Suicide Prevention Month

The month of September is National Suicide Prevention Month. This time gives mental health advocates, prevention organizations, and survivors an opportunity to share. People share their survival stories, ones that have been affected by suicide, resources, and awareness. It is crucial that we take the time to learn about the facts of suicide, how to spot and recognize the warning signs, and knowing that you are not alone.

Suicide in America

Suicide can affect anyone regardless of age, gender, and background, just like mental illness. When it comes to gender, the suicide rate among males was 3.7 times higher in comparison to females. For men, the suicide rate was highest for those aged 75 and older. For women, the suicide rate was highest for those aged 45-64. Suicide rates by race were highest for American Indian, Non-Hispanic males and females. It is followed by White, Non-Hispanic males and females. Suicidal thoughts and behaviors among U.S. adults are just as serious. Among adults across all age groups, the prevalence of serious suicidal thoughts was highest among young adults aged 18-25. The prevalence of serious suicidal thoughts was highest among adults age 18 and older and those who reported having multiple races. Suicide is the 10th leading cause of death overall in the United States. For individuals between the ages of 10 to 34, it is the second leading cause of death.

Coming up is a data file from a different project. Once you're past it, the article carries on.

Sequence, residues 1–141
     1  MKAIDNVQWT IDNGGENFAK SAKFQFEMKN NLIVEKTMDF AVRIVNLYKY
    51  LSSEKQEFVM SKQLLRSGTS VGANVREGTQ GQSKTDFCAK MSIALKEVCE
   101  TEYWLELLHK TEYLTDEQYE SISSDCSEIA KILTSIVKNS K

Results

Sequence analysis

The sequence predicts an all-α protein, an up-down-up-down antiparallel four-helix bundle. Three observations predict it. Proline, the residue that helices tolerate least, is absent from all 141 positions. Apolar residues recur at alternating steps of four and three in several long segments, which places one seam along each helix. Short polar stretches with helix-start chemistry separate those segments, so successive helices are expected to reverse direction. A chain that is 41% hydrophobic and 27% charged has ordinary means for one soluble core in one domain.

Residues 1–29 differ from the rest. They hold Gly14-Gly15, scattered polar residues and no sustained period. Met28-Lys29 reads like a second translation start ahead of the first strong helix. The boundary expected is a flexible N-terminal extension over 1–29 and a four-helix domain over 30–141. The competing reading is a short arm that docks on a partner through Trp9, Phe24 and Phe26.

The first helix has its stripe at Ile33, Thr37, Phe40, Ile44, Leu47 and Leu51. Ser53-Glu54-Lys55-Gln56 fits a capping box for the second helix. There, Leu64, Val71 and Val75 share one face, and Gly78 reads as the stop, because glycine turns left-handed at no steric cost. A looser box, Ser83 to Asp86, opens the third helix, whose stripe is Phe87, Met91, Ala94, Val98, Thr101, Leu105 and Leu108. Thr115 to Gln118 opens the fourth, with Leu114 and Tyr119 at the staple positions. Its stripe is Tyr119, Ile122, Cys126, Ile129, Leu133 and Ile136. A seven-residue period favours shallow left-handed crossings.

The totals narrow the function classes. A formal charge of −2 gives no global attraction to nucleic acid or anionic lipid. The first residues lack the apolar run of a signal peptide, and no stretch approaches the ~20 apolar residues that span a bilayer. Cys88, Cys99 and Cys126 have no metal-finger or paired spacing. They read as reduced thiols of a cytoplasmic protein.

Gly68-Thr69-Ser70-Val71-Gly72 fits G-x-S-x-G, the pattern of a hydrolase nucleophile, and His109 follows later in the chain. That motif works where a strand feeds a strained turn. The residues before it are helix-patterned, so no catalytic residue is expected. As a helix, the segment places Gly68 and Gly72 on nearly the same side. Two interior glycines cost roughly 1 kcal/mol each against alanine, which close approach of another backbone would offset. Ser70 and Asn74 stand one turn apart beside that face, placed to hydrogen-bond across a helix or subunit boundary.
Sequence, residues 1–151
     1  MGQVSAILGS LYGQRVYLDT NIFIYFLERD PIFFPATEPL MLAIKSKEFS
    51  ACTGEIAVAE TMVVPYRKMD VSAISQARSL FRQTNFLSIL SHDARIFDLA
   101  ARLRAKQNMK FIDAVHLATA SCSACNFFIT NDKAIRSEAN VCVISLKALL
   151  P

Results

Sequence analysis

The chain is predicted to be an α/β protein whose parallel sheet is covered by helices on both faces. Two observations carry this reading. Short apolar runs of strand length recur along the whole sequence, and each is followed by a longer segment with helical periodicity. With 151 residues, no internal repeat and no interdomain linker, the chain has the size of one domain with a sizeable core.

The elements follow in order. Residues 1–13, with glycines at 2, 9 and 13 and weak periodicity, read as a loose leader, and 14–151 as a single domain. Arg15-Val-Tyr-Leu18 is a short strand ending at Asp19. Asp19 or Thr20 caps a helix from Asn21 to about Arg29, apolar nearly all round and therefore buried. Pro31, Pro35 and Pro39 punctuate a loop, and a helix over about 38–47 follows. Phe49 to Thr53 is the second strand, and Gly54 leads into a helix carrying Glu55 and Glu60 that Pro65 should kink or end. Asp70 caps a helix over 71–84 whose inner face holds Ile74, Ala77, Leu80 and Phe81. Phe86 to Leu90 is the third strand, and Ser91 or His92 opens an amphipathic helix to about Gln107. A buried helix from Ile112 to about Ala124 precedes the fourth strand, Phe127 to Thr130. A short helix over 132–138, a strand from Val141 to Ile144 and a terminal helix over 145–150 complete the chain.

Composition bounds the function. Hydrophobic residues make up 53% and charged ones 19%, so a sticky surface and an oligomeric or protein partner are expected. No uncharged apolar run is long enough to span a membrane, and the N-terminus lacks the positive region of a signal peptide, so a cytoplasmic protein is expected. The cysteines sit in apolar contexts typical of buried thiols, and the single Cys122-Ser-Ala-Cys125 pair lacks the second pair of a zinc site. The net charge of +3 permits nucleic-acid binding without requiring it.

With the surprising statistics, it is very important for the community to be educated about the warning signs. In critical situations, having the knowledge to intervene when someone is experiencing suicidal thoughts.

Warning Signs

The causes for suicide vary from person to person. It could be health issues, mental health issues, or stressors that they are experiencing. When mental health conditions, such as anxiety or depression, are left untreated, it can increase the risk. It is important to pay attention to shifts in behavior. This could include things like:

  • Decrease in once important activities
  • Isolating from friends and family
  • Increase use in drugs or alcohol
  • Sleeping too much or too little
  • Indicating increased aggression

It is also important to pay attention to thoughts that they may express that can be a way that shows they are feeling suicidal. This could include things like:

  • Talking about physically or emotionally in pain
  • Joking or being serious about killing themselves
  • Stating they feel like a burden to the people they are around
  • Expressing they have no reason to live

While there is a wide variety of how people behave and act, when it is something out of the norm for the ones you care about, you will be able to help.

You are not alone

If you or someone you know is struggling with thoughts about suicide, there is hope. You are not alone. There are numerous resources to help. Contact the National Suicide Prevention Lifeline at 1-800-273-TALK (8255). They are available to talk 24 hours, 7 days a week, available to anyone, and all calls are confidential. Or contact the Crisis Text Line by testing TALK to 741741. If you are a veteran, call 1-800-273- TALK (8255) and press 1.


Carpenter, D., Lavigne, L., Colmenares, E., Falbo, K., & Mosley, S. (2019). “Community pharmacy staff interactions with patients who have risk factors or warning signs of sucide.” Research in Social and Administrative Pharmacy, 349-359.

Ramchand, R., Franklin, E., Thornton, E., Deland, S., & Rouse, J. (2017). “Opportunities to intervene? ‘Warning signs’ for suicide int he days before dying.” Death Studies, 41(6), 368-375.